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Bandwagonesque (140 Gram LP)
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The gold standard of the early '90s power pop revival, in its own way 'Bandwagoneque' was as much a
benchmark as contemporary records like 'Nevermind' and 'Loveless;' though not the generational rallying cry of the former
nor the revolutionary sonic breakthrough of the latter, Teenage Fanclub's sophomore album nevertheless heralded the
return of melody and craft, coupled with energy and spirit - hallmarks of much of the greatest rock & roll of the past, and
virtues as rare as hen's teeth in the years immediately prior to the disc's release.
Although its incandescent harmonies, lazily immediate songs, and crunching guitars earned it endless comparisons to
vintage Big Star, 'Bandwagonesque' is in every way a product of its own time - the thick, grungy sound of the Fannies'
debut 'A Catholic Education' remains intact for gems like 'What You Do to Me' (arguably the most brilliantly simpleminded love song ever penned) and the instrumental 'Satan,' while the lyrics of other standout moments like 'Star Sign' and 'Alcoholiday' reflect a laissez faire irony and unassuming genius even more emblematic of the moment in question.
Top Customer Reviews
How can you describe the feeling on "The Concept" it's just musical stone still bliss. I think of this song as being locked into a timeless moment, and the music is able to swirl around your soul so very snuggly.
"Alcoholiday" is the song that makes strong men weep. Something about the singing really bends the mood and you feel at peace with their sound, caught in a twister of oohs and aahs. Out of all of Teenage Fanclub's works this has to be their moment in time. I find myself always going back to this one when I want to listen to them.
December, Guiding Star, What You Do to Me and Alcoholiday are all lovely, but my favourite is the Gerry Love penned instrumental Is This Music, though how the Fannies managed to get their guitars to sound like bagpipes is a mystery not uncommon in Scottish bands (remember Big Country?).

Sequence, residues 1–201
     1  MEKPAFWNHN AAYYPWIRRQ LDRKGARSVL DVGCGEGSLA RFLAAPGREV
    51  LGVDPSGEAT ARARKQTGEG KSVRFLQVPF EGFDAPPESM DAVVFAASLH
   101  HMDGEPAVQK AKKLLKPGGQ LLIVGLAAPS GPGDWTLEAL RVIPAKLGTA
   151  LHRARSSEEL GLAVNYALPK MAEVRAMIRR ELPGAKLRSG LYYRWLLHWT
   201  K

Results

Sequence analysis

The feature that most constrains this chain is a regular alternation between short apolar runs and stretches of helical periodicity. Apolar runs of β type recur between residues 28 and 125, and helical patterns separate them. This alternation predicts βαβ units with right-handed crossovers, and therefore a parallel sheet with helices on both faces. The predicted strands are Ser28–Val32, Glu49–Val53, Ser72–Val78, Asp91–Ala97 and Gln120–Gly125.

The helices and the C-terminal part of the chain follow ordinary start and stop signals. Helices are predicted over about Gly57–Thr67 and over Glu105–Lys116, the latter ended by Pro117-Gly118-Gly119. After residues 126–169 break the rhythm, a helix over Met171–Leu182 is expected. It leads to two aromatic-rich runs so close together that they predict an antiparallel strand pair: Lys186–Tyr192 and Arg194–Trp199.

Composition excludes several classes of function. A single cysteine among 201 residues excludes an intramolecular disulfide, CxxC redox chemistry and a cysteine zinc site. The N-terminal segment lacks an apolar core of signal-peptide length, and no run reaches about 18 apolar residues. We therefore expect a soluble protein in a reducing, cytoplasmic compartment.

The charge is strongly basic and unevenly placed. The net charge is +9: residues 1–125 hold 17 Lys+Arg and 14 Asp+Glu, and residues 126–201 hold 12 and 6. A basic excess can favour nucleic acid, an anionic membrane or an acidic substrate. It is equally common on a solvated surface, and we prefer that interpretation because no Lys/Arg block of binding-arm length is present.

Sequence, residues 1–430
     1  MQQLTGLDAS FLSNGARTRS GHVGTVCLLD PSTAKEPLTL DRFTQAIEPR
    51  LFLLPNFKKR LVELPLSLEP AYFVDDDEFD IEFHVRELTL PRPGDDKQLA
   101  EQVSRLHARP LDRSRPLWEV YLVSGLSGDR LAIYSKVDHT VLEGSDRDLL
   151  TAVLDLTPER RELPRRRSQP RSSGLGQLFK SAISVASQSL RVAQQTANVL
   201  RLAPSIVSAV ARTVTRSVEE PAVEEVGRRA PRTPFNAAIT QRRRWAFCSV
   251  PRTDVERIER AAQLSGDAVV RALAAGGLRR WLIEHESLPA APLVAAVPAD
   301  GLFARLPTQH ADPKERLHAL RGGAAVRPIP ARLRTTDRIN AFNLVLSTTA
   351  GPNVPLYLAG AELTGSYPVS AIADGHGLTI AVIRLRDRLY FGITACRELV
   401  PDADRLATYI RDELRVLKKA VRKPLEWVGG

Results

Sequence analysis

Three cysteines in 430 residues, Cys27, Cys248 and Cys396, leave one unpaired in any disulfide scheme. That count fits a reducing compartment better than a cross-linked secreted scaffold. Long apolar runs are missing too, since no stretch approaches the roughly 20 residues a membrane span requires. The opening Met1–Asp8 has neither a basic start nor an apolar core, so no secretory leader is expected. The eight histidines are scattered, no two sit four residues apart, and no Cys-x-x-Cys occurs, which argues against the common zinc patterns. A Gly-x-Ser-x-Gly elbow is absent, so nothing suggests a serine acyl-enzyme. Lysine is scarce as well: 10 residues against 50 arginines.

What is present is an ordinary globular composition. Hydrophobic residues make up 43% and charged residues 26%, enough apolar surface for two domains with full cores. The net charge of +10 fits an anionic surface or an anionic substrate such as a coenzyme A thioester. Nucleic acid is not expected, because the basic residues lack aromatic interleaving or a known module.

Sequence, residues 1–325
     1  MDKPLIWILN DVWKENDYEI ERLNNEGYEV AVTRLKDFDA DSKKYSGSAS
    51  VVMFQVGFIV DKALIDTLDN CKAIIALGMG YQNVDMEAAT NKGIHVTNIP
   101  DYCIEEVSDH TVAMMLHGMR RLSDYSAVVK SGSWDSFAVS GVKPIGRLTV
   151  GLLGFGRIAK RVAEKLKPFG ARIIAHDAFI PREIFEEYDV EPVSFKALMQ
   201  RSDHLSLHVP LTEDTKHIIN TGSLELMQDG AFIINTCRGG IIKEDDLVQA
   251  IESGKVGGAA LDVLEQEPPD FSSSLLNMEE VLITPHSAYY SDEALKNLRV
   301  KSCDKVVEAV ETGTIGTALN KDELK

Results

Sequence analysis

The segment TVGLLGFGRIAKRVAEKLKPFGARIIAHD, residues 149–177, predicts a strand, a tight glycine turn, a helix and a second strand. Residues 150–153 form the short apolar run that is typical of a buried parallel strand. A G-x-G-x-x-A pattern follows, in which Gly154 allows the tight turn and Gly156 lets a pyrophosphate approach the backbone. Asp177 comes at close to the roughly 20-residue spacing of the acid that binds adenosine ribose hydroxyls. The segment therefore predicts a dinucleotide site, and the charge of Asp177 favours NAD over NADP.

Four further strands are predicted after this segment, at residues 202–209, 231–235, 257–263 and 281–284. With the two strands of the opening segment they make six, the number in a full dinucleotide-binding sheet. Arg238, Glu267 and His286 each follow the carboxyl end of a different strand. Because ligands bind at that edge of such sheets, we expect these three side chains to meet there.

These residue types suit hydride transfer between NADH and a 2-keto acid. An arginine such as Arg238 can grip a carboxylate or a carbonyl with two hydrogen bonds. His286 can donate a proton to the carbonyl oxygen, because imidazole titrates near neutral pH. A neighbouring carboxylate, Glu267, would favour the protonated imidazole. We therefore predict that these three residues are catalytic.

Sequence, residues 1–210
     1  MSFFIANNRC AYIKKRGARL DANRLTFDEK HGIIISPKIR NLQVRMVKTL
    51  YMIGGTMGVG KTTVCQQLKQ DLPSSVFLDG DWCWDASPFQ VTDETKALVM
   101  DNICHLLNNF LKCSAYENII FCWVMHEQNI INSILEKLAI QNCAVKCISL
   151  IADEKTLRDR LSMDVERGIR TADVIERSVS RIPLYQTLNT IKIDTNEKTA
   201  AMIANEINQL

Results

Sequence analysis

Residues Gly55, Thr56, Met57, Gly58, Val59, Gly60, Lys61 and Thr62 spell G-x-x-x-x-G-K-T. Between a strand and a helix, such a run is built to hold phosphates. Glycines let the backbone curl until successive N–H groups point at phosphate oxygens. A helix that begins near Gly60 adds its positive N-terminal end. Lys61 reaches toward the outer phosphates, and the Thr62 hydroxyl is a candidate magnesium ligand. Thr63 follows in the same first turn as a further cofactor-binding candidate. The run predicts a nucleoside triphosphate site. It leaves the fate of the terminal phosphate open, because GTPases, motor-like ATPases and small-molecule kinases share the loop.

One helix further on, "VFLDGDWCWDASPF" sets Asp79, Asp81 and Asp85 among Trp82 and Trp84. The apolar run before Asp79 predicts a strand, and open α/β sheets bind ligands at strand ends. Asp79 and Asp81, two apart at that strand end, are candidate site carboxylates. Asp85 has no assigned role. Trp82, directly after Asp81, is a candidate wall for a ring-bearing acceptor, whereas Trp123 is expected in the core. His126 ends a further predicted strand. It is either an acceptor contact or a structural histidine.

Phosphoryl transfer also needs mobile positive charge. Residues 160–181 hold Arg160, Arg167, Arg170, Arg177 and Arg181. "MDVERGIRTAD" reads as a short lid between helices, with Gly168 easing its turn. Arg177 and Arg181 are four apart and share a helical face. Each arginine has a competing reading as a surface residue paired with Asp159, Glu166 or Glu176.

Bandwagonesque is not as smooth as later Teenage Fanclub offerings, the wonderful Grand Prix, the excellent Songs From Northern Britain and their latest long player Howdy, but in its sheer ragged exuberance it stands out as one of the best albums of the 90s.
"December" - One of the greatest all time Fanclub songs that never gets the recognition of other popular tracks. This is one of those somber but still sugary sweet tunes they do so well.
"What You Do To Me" - Pure Alex Chilton. Fanclub defines their reason for being in about 1:50.
"Sidewinder" - A book called "Bubblegum Music is the REAL Truth" called this one of the definitive bubblegum songs of the 90s - Brains + humor + sugar = perfect pop.
"Alcoholiday" - Considerably more somber & depressing...see Greenberry Woods' "Punch Drunk," and add a purely gorgeous outro.
"Guiding Star" - Harmonies in full force on this Beach Boys/early Shoes-styled charmer. Strings, synths, just a great song that shows they can still tear it up without guitar or drums.
Most Recent Customer Reviews
CONFESSION - I have attempted to enjoy the Fannies music on numerous occasions by picking them up gingerly (is that still a word) by the cracked CD cover corner from the depths of... Read morePublished on March 17, 2014 by JohnMac59
Bandwagonesque is Teenage Fanclub at its very best; moving away from the proto-grunge sound of their debut, Catholic Education, this 1991 release is prime time power-pop revival,... Read morePublished on March 30, 2013 by L. M.
I bought this cd sometime in 2011 from the reject bin of my local second spin for cheap because I thought "this is supposed to be good I guess I'll give it a shot". Read morePublished on November 9, 2011 by barnard gumble
I don't understand why many people say this is Teenage Fanclub's best album. It's actually quite boring - but then many people would say that TF ARE boring! Read morePublished on March 3, 2011 by puma
Teenage Fanclub apes Big Star big time on this album, but who's complaining? There are enough good tracks here to satisfy this Big Star fan. Read morePublished on August 29, 2010 by Fredric A. Cooper
I drove cross country alone at 18 with this album. Somewhere around Ogden Utah I realized I loved this album. 16 years later I still listen to it. Read morePublished on November 14, 2008 by Stephen J. Walker
15 years after its release, this album still sounds really crisp and fresh. I can picture this being on the radio today even moreso than in the early 90's. Read morePublished on May 24, 2007 by Angela M